Innovation & Enterprise


UCL startup transforming brain surgery with the power of AI

Oxford Heartbeat is helping brain surgeons perform delicate procedures more accurately, ultimately improving outcomes for patients.

Katerina Spranger, founder and CEO of Oxford Heartbeat

13 July 2022

The company’s artificial intelligence (AI)-powered software tool is currently being used by surgeons in hospitals in the UK, Germany and Finland. It allows them to simulate and rehearse the placement of a stent inside a patient’s blood vessel.

From computer science to brain surgery 

Oxford Heartbeat was founded by Dr Katerina Spranger, who is now CEO of the company. Katerina trained in computer science with a stint in the robotics industry, before focusing on biomedical engineering at the University of Oxford and then UCL (as Research Associate in the Department of Biomedical Engineering). 

“I was never satisfied with only doing research and having a paper published and leaving it at that. I wanted to see the impact of the work materialised and the vehicle for that is a startup company,” she says. 

During her time at Oxford, Katerina studied the development of brain aneurysms, which are bulges in blood vessels in the brain, that can potentially burst with catastrophic consequences. They can be treated and prevented by placing a device called a stent (essentially a small metallic tube) within the blood vessel. 

Often working from an incision in the femoral artery in the groin, stent placement is a highly intricate procedure, which calls for great accuracy. Indeed, around 20% of brain stent surgeries are unsuccessful and require further surgical intervention due to poorly fitted stents or other complications.

“Brain surgery is absolutely fascinating,” says Katerina “In the brain everything is important and the margin for error is very small. Every little, tiny vessel is important because it might be supplying something vital – eyesight, body movement, bowel function, you name it. During brain surgery, if there is damage the consequences can be irreversible. So, my view is that if there is anything that we can do to contribute to greater accuracy, then it should be done.”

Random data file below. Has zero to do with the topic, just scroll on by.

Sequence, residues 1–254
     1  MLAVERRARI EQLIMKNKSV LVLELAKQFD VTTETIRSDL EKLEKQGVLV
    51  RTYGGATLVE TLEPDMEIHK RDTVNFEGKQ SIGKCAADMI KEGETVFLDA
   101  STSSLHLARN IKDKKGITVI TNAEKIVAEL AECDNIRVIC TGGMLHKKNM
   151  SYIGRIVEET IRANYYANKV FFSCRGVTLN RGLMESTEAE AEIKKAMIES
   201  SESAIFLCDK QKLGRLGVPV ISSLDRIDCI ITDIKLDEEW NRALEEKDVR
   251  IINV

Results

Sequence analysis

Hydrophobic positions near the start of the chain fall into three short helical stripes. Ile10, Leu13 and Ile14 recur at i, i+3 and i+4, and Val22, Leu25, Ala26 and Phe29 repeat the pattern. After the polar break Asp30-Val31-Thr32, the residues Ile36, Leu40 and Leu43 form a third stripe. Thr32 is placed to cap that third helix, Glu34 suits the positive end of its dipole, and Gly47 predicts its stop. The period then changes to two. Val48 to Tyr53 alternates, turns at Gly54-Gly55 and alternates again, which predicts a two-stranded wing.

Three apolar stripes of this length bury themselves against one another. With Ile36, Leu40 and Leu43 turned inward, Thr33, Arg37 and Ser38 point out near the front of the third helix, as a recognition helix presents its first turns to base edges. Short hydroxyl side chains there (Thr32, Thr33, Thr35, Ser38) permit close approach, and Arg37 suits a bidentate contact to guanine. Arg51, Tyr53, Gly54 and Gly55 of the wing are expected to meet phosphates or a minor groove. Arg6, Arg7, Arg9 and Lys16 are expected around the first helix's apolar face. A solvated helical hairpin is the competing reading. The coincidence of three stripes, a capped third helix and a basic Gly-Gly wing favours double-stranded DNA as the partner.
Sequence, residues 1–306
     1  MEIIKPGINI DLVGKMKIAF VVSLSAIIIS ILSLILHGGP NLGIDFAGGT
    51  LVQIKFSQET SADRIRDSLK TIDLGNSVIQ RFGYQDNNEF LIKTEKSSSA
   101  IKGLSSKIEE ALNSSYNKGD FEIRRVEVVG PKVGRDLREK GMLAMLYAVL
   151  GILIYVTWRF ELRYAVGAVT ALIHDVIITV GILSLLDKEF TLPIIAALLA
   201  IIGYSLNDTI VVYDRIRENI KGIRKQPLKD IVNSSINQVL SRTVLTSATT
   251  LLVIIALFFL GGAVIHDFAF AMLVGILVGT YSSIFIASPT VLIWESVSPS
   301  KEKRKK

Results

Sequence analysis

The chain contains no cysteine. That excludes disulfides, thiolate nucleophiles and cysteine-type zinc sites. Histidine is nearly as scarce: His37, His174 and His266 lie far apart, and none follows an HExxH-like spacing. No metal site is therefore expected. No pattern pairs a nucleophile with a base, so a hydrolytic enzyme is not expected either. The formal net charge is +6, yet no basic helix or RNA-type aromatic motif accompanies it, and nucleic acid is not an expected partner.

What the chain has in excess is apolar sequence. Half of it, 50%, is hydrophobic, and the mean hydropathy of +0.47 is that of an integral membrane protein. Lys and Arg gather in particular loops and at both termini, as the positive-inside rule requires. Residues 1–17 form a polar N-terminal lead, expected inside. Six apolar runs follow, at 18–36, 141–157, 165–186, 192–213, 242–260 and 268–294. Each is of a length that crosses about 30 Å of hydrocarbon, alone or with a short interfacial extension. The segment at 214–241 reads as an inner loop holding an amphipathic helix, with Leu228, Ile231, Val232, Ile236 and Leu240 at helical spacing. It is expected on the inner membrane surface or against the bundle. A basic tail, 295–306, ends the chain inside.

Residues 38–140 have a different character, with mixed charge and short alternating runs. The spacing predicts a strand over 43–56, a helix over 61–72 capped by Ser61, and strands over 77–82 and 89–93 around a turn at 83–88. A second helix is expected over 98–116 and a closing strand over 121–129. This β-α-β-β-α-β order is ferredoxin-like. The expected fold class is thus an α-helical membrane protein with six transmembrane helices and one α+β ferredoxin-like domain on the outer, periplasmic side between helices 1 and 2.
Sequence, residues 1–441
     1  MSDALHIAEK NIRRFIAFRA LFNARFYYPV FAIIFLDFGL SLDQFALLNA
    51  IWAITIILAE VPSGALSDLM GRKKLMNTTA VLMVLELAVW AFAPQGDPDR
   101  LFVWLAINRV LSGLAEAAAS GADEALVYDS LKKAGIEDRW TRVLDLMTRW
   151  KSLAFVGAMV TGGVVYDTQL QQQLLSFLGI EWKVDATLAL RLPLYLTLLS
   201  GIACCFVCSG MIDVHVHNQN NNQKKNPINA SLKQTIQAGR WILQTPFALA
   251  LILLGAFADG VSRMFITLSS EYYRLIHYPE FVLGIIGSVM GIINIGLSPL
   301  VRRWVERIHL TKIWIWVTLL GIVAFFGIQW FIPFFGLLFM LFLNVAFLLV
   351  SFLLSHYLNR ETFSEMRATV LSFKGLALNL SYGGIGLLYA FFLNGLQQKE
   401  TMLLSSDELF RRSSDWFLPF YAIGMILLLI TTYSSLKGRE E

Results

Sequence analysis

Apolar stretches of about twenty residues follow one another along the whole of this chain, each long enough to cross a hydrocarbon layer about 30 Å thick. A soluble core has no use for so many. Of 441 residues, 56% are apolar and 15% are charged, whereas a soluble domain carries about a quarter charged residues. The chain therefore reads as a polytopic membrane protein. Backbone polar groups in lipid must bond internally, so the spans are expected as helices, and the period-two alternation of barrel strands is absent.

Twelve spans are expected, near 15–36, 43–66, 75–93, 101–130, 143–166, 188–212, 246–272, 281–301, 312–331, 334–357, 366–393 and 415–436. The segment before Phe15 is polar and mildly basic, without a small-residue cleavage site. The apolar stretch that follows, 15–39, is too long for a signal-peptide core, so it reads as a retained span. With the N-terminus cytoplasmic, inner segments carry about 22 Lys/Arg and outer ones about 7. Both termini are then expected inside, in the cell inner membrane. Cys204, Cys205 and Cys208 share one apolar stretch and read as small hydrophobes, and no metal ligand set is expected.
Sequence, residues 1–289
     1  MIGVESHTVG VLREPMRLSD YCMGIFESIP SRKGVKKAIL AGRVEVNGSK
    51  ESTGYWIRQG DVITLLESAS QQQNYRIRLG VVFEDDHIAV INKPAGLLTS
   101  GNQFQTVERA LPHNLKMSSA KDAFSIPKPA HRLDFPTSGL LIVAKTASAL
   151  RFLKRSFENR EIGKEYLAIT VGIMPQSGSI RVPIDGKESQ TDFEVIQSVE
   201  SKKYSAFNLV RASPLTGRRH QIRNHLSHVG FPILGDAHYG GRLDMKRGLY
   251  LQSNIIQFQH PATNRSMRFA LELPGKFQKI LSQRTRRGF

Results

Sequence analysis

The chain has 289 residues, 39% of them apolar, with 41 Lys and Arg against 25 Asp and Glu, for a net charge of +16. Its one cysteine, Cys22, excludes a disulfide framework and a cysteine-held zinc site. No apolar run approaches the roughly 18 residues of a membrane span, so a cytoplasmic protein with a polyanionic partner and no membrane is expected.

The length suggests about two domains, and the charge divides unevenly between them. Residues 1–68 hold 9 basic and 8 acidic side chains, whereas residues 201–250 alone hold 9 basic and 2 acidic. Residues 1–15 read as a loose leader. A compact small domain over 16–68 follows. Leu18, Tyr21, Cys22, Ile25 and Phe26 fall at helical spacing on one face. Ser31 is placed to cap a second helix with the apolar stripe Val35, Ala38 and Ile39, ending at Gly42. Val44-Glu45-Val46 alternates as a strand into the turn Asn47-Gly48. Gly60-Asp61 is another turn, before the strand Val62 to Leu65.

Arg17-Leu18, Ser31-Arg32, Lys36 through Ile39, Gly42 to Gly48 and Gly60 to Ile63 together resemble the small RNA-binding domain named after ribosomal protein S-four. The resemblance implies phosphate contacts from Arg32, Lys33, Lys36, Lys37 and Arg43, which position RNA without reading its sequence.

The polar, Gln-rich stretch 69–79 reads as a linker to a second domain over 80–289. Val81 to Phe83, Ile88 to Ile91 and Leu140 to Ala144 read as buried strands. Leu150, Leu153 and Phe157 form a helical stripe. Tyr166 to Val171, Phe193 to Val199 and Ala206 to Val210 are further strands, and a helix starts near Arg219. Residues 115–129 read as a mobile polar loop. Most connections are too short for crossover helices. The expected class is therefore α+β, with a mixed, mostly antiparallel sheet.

Getting clinicians on board

Katerina realised that she could use her skills and knowledge of techniques such as AI to simulate neurovascular surgical procedures. After consulting with dozens of surgeons in the field about how best to set about this task, she went on to found Oxford Heartbeat. 

“That was one of the most challenging times for me. Imagine as a student approaching these hugely experienced surgeons and saying: ‘maybe I could help you with this.’ It took a while to find clinicians who were open-minded in terms of innovation. Those early-adopters and advocates are still with us now.”

Tailored business support to grow 

The company was incorporated in 2016, residing at BaseKX, UCL’s entrepreneurship hub in King’s Cross, managed by UCL Innovation & Enterprise. Here they received tailored support and dedicated office space which helped fast track the development of their key products. 

“We’ve been part of various accelerator programmes, but with UCL it’s more like you have a base. You have a home, and links to the university and wider UCL community including the hospitals, which is fantastic,” Katerina says. 

In 2021, Oxford Heartbeat won a £1.5 million grant from Innovate UK (the UK government’s innovation agency), bringing the total amount of public and private investment raised to £4 million. The company has also received support from The Royal Academy of Engineering (RAE), National Institute for Health and Care Research (NIHR) and Philips HealthWorks.

Demonstrating clinical impact

Oxford Heartbeat has now gained the essential EU CE mark certification for its software PreSize® Neurovascular, allowing it to be deployed in clinical practice. It’s currently being used by surgeons in hospitals in the UK, Germany and Finland, allowing them to simulate the deployment of a stent ahead of time making surgical procedures more precise. 

The company has started a clinical trial in 2022, to gather concrete evidence on the impact of PreSize® in terms of time taken to perform the surgery, reduced complications and other measures. 

“Only now do I have that professional fulfilment, because we’re doing something so important and meaningful,” says Katerina. “One of the first patients was an extremely complex case, and the surgeon said he wouldn’t have been able to achieve the accuracy he needed in her case without our tool.” 


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